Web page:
LAURA BEAN/THE ARKA TECH: The Wonder Boys prepare for their final game against Harding University last season at Rhodes Fieldhouse, which was named “The Best Roadtrip Destination in College Basketball.”
First year head coach Chad Kline will look to replicate the three conference championships he helped secure in his three years as an assistant coach at Arkansas Tech, as he takes over at the helm for a 2014-2015 Wonder Boy basketball team picked to win the Great American Conference once again.
“The players have responded great to the coaching change so far, but we also haven’t played a game yet, so things are always easy until they get tough,” Kline said. “We haven’t faced adversity, but with so many returning guys, it’s been a good transition.”
Tech’s only returning starter is senior guard Tyler Friedel, a dangerous three-point threat (averaging 40.4-percent shooting from behind the arc last year) who averaged 9.3 ppg this past season.
But Kline said other returners who’ll be key in winning games and making it to a seventh-consecutive NCAA tournament appearance include junior forward Nick Wayman and senior guards Bryson Fletcher, Clarence Willard and Jay Murphy, the latter of which is back after an injury had benched him last season.
Wayman got the start in 19 games last year, averaging 4.6 ppg and a 32.2-percent 3-point shooting average. Coach Kline mentioned Fletcher as “having a non-stop motor and being an overall unbelievable person,” in addition to 5.7 ppg and 50-percent 3-point shooting averages in 2013-2014. Willard earned nine starts this past year, averaging 6.4 ppg and totaling 60 assists.
But last year’s performances don’t carry over, and Kline said his starting lineup is nowhere close to being set because plans can and do change all time.
“The lineup changes close to every day in the preseason based on practice performances and keeping guys healthy,” he said.
Whoever the starting five may be, Kline said it is Tech’s goal to win the GAC title each year. In fact, he has come to expect it.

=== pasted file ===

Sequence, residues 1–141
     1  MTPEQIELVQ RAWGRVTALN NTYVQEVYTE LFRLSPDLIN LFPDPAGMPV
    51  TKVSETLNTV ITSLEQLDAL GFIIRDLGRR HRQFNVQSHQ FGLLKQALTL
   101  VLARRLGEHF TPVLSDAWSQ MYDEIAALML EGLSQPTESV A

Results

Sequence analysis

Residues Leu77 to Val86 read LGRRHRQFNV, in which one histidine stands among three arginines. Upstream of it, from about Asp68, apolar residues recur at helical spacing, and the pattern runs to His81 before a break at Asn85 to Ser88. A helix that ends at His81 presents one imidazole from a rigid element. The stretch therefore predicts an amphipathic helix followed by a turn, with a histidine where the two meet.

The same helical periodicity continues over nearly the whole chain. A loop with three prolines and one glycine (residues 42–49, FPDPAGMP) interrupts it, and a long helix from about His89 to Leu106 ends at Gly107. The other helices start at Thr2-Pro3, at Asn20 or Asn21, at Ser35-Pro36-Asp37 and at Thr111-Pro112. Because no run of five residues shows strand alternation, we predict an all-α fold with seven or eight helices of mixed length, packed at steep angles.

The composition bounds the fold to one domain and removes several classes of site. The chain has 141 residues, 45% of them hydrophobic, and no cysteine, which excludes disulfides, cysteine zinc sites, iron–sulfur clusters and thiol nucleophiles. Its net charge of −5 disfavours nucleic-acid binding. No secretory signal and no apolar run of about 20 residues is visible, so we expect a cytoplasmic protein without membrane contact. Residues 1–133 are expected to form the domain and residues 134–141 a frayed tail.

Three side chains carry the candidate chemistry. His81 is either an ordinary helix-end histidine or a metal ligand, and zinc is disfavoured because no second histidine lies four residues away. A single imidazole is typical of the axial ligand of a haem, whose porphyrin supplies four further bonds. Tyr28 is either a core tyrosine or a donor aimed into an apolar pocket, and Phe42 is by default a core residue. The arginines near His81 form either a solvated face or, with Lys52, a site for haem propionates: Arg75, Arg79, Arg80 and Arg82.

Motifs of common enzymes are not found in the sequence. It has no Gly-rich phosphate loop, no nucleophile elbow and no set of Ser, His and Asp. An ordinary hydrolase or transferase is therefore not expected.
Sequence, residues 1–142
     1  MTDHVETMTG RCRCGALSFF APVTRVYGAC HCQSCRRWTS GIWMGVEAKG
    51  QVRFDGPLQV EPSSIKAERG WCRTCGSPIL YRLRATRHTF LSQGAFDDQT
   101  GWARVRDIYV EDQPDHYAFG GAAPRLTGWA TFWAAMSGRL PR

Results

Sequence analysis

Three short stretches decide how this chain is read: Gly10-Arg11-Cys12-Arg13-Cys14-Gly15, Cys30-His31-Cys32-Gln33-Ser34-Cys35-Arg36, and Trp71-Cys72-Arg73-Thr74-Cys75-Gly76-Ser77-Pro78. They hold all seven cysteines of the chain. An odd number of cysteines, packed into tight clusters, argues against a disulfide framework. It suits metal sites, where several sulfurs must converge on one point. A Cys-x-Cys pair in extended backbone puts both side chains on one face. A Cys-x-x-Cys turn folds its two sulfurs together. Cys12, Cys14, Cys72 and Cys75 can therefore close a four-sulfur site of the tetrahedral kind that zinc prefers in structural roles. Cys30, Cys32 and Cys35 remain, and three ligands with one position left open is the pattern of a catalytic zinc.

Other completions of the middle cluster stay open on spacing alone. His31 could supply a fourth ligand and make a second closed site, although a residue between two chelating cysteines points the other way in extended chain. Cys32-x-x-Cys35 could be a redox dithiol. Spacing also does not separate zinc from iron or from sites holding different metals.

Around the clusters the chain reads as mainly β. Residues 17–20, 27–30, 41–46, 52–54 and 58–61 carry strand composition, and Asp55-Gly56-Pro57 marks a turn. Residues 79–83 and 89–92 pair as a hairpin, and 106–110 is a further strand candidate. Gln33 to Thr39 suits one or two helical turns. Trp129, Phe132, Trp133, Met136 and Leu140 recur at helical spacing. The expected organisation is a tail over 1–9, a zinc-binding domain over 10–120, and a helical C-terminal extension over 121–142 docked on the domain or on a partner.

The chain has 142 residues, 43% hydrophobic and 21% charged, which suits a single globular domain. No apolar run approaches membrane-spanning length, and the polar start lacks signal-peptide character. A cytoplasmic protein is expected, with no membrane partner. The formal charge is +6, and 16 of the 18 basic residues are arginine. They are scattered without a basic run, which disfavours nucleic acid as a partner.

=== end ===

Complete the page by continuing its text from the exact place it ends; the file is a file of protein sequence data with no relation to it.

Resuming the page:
“Winning the conference and making it as far as possible in the NCAA tournament is always the expectation here,” Kline said. “But specifically we just want to worry about the things that we can control. Our attitude and effort will determine how we do on the court. If we perform to the best of our ability in those areas, winning will take care of itself.”
Kline said the Wonder Boys are coachable, and their toughness, listening and communication skills are what he said he believes to be the team’s most valuable assets.
His team’s approach will be to always focus on the next game only, he said.
“We have 25 Division II games, so we don’t have any off nights,” Kline said. “We need to be ready to strap up every single game.”
Winning games is of course the team’s goal, he said, but more important to him is producing men who will win at life by become beneficial members of society after college.
“I want them all to know how to act and treat people,” he said. “Then they’ll remember it was their university that helped mold them into the person they are.”
He said he feels himself unbelievably blessed to be able to take over as the 22nd head basketball coach of “a great institution full of great people.”
Before coming to Tech, Kline served as an assistant coach at Coastal Bend College. After this assistant stint, he became the head coach at Frank Phillips College, leading his teams to a combined 90-60 record.
While at Tech as an assistant, the Wonder Boys have posted a 65-28 record (41-15 GAC).